Pine tar for soap January 21 2014
One of the more unusual soaps in my inventory is my pine tar soap! Pine tar soap isn't really all the unusual. It's been around for generations as a way to take care of skin conditions like eczema, psoriasis, and rashes. However, it should be pointed out that the Food & Drug Administration (FDA) does not approve the use of pine tar soap in the treatment of these skin conditions. But sometimes those old home remedies really do work!
Handmade pine tar soap is a long process that takes weeks to come to fruition. It's also difficult to make because when you add the lye solution to the oils and pine tar mixture you get soap on a stick if you're not careful! To speed the process along and avoid the soap on a stick problem I make my pine tar soap the Hot process way!
With hot process soaping we begin by melting the oils and the pine tar in the crock pot. Not much different than the cold process way except we are focusing on the use of the crock pot!
While the oils are melting the frozen goats milk cubes are mixed with the lye. Same technique as cold process! I use frozen goats milk because the addition of the lye causes the milk to heat up and if it's not cold the lye will cause the milk to caramelize. Not a problem with a dark soap like pine tar but using frozen milk is a habit I've developed with cold process so I continue to do so for all my soaps.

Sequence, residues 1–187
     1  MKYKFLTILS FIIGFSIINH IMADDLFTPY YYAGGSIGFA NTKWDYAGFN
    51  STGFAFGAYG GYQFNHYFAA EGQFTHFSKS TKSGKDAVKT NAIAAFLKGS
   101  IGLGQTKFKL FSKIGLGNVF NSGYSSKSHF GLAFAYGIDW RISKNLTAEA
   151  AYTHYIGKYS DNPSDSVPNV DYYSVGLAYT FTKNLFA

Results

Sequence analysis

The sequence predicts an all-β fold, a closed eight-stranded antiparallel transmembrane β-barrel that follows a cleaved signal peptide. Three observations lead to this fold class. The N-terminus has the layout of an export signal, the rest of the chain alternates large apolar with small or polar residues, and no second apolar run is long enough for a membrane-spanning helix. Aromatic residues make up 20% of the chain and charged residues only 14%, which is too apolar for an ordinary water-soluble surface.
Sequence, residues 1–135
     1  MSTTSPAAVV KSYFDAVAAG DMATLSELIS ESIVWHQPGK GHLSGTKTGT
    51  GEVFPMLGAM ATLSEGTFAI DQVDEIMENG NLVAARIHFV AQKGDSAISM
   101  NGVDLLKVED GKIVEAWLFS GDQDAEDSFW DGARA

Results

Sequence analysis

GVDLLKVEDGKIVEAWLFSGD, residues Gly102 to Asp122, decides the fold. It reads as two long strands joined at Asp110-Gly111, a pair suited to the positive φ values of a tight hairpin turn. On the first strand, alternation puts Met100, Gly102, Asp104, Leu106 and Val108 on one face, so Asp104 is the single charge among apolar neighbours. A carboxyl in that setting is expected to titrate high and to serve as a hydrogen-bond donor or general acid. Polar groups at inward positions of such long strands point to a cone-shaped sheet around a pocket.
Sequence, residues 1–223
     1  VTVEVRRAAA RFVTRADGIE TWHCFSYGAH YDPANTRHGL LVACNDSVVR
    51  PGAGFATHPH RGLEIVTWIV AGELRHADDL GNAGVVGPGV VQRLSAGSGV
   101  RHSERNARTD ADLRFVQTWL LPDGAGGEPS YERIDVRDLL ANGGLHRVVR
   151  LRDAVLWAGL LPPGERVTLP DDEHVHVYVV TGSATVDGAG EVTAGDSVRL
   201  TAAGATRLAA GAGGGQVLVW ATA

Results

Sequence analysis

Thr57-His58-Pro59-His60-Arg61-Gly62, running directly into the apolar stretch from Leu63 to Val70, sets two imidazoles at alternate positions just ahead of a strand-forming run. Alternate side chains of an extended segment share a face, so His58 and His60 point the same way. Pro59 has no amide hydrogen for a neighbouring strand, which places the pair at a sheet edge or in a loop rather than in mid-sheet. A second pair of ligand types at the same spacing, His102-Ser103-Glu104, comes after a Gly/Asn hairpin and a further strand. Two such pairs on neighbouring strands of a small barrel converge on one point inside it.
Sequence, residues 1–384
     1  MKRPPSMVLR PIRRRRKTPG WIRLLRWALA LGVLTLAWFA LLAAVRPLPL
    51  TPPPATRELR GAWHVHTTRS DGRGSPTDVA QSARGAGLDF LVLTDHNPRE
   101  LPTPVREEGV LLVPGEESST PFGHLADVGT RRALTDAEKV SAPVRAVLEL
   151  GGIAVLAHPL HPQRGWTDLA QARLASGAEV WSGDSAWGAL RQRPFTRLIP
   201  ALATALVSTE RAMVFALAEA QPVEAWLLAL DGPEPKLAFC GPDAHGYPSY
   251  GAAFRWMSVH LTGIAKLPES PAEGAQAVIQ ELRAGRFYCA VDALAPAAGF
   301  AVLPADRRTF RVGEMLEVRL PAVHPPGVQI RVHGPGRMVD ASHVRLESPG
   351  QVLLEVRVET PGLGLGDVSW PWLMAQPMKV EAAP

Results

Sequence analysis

Mix I mixed the milk/lye solution with the oils/pine tar solution. As you can see it quickly becomes a thick mass! We lovingly refer to this as soap on a stick! Mixing is just about impossible at this stage. In the world of cold process soap you would mix as best as possible and then try to plop it in the mold and pray it really is mixed well. I never like crossing my fingers and hoping something works so this is why I enjoy the hot process method for this particular soap. At this point I put the lid on the crock pot and left it alone for 15 mins on Low.
Wow, what a difference 15 mins makes! The mixture has relaxed and is quite liquidy at this point. I give every thing a good stir and put the lid back on for another 15 mins. I will continue to "cook" my soap mixture until it gets thick and gel like in color, stopping to stir it every 15 mins.
Here it is at 45 mins, note the color change as well as the consistency change. It's now ready to be molded!
Looks a lot like brownies, doesn't it? I leave it in the mold until it cools and then it is ready for slicing into bars.
Gorgeous! And ready to cure! You don't have to have skin problems to love this soap! Gentle on your skin, scented with lavender, tea tree, eucalyptus and fir essential oils makes this soap delightful! Be udderly beautiful!